Eventware: A Roundup of Software for Event Planning


The recent EventTech conference underlined the burgeoning event and conference planning industry, illustrating how valuable and important this category is becoming.

Services such as Yahoo’s (s yhoo) Upcoming and Meetup and Facebook’s Events, coupled with a decentralized and grassroots meetup and “unconference” culture have led to an explosion of event invitations in our various inboxes. That first generation of tools is looking a little creaky to today’s event planners, so here’s a roundup of the current generation of “eventware.”

The current generation of eventware all offer a mix of registration, ticketing, mailing list, analytics, payment and promotion features, but each is pretty distinct in its niche:

  • Amiando. launched in 2006, Amiando powers some of the European tech industry’s larger, more formal conferences, including Thinking Digital and Le Web. Though private events can be listed for free, public events incur an excessive €1 + 6 percent of the ticket price for each ticket sold. However, the service includes some unique features, including comprehensive Facebook integration and the ability to run an entire conference site from within the app.
  • Eventbrite. I can’t think of a week that goes by without receiving multiple invitations to Eventbrite-powered event (including GigaOM’s own conferences). It’s a great solution, with a very vocal and engaged development team constantly providing new features, though the interface can sometimes be a sprawling mess and it’s easy to forget how a previously completed task was completed. Eventbrite’s real power lies in the ability to quickly list and promote an event without too much effort.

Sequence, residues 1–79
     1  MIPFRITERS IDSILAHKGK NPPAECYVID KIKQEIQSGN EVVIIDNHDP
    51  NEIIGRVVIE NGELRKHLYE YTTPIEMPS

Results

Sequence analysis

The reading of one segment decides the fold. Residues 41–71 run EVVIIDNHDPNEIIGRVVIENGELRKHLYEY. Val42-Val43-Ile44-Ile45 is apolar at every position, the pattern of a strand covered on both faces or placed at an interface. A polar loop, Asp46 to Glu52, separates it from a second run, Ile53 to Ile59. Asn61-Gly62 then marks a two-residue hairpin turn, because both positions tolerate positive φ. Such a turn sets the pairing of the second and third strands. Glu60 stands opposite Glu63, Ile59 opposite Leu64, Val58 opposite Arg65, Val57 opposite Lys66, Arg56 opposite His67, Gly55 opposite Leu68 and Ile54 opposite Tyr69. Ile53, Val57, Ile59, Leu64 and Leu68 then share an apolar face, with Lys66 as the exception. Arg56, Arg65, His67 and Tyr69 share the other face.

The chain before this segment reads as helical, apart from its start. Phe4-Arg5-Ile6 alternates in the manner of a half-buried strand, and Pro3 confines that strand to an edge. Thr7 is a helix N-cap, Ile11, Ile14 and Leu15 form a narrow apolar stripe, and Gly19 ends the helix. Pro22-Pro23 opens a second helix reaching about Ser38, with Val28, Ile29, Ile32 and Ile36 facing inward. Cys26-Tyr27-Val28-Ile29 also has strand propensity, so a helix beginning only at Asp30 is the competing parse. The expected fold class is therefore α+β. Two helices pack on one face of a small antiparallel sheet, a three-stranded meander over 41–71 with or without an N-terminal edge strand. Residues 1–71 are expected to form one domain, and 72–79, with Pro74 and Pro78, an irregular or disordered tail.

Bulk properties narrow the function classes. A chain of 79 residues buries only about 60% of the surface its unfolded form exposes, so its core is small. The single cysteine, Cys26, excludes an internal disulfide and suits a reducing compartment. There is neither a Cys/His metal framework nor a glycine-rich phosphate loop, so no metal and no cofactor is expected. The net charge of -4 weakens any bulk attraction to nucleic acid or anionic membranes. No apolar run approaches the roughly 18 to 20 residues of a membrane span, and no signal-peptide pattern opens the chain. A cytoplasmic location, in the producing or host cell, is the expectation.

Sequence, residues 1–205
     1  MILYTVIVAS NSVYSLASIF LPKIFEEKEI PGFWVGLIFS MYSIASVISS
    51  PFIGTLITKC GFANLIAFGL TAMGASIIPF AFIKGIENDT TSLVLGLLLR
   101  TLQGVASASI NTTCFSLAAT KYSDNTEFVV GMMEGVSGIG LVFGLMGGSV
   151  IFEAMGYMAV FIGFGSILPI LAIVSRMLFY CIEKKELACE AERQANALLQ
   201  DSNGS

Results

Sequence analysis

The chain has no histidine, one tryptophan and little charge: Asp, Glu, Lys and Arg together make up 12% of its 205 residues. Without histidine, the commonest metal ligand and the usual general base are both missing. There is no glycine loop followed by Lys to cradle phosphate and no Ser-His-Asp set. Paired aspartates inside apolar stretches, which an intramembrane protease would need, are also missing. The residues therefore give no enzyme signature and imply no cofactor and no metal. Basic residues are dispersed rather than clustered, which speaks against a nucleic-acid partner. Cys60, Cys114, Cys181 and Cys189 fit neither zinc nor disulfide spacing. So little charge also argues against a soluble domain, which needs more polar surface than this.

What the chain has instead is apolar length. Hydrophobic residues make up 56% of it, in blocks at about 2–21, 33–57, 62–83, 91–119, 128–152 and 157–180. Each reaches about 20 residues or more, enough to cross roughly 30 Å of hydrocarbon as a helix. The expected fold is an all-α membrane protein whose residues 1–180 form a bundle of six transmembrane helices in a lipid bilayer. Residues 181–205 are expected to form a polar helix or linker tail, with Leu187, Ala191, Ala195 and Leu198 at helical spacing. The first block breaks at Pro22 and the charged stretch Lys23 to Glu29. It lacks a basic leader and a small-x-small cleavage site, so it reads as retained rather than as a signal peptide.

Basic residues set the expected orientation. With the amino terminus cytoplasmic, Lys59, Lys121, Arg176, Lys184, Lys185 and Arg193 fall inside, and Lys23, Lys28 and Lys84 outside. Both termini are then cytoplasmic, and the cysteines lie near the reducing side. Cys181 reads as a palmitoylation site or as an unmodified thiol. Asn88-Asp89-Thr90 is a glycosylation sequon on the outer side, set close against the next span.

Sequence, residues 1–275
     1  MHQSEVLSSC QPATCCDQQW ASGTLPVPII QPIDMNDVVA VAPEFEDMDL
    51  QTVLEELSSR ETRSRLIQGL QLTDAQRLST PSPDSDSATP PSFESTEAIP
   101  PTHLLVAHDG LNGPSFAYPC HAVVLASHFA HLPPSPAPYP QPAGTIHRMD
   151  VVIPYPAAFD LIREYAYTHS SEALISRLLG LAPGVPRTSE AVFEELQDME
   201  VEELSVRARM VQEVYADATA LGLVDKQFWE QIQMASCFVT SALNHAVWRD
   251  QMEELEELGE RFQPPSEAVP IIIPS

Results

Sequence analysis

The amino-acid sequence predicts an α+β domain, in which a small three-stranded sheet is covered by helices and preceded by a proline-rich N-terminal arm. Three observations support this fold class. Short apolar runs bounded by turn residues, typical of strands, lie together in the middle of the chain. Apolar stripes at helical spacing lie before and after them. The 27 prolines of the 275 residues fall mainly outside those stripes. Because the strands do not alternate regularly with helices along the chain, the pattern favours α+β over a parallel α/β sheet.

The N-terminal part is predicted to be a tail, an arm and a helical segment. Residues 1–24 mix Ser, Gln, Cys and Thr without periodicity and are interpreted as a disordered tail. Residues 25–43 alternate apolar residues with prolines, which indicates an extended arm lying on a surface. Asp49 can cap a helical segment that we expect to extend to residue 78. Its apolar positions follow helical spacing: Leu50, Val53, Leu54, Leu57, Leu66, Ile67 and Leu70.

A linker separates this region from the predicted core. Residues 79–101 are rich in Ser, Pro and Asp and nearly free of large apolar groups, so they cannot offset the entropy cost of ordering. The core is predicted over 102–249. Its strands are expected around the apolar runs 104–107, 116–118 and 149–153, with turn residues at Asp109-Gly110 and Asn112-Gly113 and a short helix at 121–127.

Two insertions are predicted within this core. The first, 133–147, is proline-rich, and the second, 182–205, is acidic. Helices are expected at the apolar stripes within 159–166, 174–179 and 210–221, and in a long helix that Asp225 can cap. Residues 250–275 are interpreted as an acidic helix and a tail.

• Expectnation. Heavily utilized by O’Reilly Media’s conference team, what’s unique about this service is the ability to manage session proposals, calls-for-participation and manage a conference’s schedule and structure, as well as the sales and ticketing processes. It’s a pretty comprehensive solution, though the absence of pricing information suggests it’s a very premium choice.
  • OpenConferenceWare. Perhaps the most interesting development is the open-source OpenConferenceWare project where the creator’s motives were to offer a free and open app to empower others in creating events. It was most prominently utilized in 2009’s Open Source Bridge conference. Like Expectnation, OpenConferenceWare provides features to manage submissions and schedules, but also enables delegates to personalize custom schedules for their attendance (just like SCHED*, reviewed here). Unfortunately, as an installable app, setup requires some knowledge of Ruby and web hosts.

Amiando, Eventbrite and Expectnation are fully formed and comprehensive suites for event planners; albeit expensive. However, I’m intrigued by OpenConferenceWare’s philosophy; with the groundswell in this software category, could OpenConferenceWare evolve into the WordPress of its segment?

If OpenConferenceWare was as easy to customize and install as WordPress, we could see a sophisticated and proven free alternative to the big commercial solutions as well as a vibrant ecosphere of plugin and theme developers. Even a hosted, freemium service — like WordPress.com (please see disclosure at the bottom) — could outmaneuver larger competitors.

Which event planning and ticketing solutions do you use?

Disclosure: WordPress.com is backed by True Ventures, a venture capital firm that is an investor in the parent company of this blog, Giga Omni Media. Om Malik, founder of Giga Omni Media, is also a venture partner at True.

Related GigaOM Pro content (sub. req.): Report: The Real-Time Enterprise

Photo by Flickr user LornaJane.net, licensed under CC-BY-ND 2.0



I am one of the co-founders of a company called EventStorm. EvenStorm is a “software as a service” very similar to what you are used to with EventBrite.